He'll get to talking about innovation, yes, but first, Trevor Edwards needs to make one thing clear: "I have one of the best jobs in the world," he said of his post as VP-global brand and category management for one of the most revered marketing organizations: Nike. "We get a chance to stay connected to young consumers. That's what helps me stay energized every day."
Mr. Edwards, 44, leads brand management for the Beaverton, Ore.-based sports-equipment-and-apparel behemoth, a company with revenue of $15 billion and an overall demand-creation budget -- for advertising, promotions and endorsement contracts -- of $1.7 billion in fiscal year 2006.
"They always have, year in and year out, classic advertising with these ads that people talk about," said Kevin Keller, E.B. Osborn Professor of Marketing at Tuck School of Business at Dartmouth. "They also have these campaigns that focus on the product and the benefits, and then they're doing lots of cool things virally and everything else," he said. "They've just built a hell of a brand."
And Mr. Edwards? "He's a 21st-century marketer," Mr. Keller said. "He gets the whole culture and internet and community and word of mouth, but also brand value and product performance. He's very holistic in how he approaches and talks about marketing."
His commitment to protecting Nike's brand integrity is steadfast, but Mr. Edwards is not afraid to leverage marketing innovation that keeps the brand relevant to its core consumers-a mandate of any "leader brand," Mr. Keller said.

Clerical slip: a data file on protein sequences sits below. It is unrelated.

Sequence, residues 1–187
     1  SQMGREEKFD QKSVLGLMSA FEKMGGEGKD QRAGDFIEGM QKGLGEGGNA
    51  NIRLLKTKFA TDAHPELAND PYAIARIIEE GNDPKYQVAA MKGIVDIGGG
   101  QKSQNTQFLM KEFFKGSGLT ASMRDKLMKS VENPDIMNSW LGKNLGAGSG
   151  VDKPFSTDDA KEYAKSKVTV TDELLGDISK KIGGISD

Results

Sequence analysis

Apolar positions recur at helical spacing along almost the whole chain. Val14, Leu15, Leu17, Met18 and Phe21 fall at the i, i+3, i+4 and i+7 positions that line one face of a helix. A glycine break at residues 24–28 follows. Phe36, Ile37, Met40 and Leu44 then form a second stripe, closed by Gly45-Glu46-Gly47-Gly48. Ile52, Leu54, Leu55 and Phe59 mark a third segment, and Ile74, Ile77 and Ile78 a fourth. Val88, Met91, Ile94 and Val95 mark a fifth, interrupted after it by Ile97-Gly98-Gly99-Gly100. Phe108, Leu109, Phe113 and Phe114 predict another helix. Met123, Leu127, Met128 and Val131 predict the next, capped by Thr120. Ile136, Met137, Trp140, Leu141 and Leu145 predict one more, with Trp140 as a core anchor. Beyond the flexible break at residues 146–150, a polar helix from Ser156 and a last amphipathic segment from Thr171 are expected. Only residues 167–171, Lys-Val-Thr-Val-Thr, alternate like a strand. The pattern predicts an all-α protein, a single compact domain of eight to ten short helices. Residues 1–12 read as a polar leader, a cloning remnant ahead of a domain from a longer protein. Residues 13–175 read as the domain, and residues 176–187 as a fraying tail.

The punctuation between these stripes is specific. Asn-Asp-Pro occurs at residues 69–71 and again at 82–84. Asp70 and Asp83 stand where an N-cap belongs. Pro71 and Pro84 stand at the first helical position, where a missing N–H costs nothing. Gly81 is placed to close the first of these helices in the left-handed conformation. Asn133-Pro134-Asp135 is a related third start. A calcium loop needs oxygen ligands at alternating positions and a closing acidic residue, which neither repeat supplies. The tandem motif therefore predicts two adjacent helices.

Mr. Edwards points to product-customization service Nike iD and Nike+ as representative of Nike innovation, which involves finding new ways to connect with consumers. "The question we ask ourselves is: How can we help consumers do what they want to do just that much better?" Nike+, a collaboration between Nike and Apple, enables Nike footwear to connect to an iPod through a wireless Nike + iPod sport kit; runners can track distance and calories burned.
"In the case of Nike+, it was one of those things where you had two brands, Nike and Apple together, and that in itself for me was pretty powerful. Both have a passion for bringing simple, intuitive brands to consumers."
At Nike, the key, he said, is not merely innovating for innovation's sake. "We think a lot about the need to bring something new to the marketplace, but we don't think about it as just being new; we think about: How is this better than the last thing we brought to the marketplace? It doesn't happen overnight. Some things we do -- for example, the Air Max 360. That took us some time to put together; it took us about 30 years."
Another initiative in which he's played a central role is Nike's soccer strategy. A $40 million soccer brand in 1994, Nike has developed into a $1.5 billion soccer trademark globally.
Mr. Edwards joined Nike in 1992 after spending seven years at Colgate-Palmolive, and he brings to his post a globetrotter's perspective. Born in London, he moved to Jamaica when he was 14. From there, he went to New York to attend Baruch College. He has since lived in such varied locales as Amsterdam, Brussels and Miami. "I'm kind of a nomad, if you will," he said, a fate that has given him "a chance to meet so many different people."
And, yes, Mr. Edwards is and said he always has been a sports enthusiast. Growing up he tried his hand at basketball, soccer, cricket, skateboarding and gymnastics.
And now, as a father of twin 3-and-a-half-year-old boys, he's inspired by their curiosity about the world, "how they see things through fresh eyes" -- a curiosity he seeks to instill in his team.
"That's often where the best ideas come from -- seeing things differently."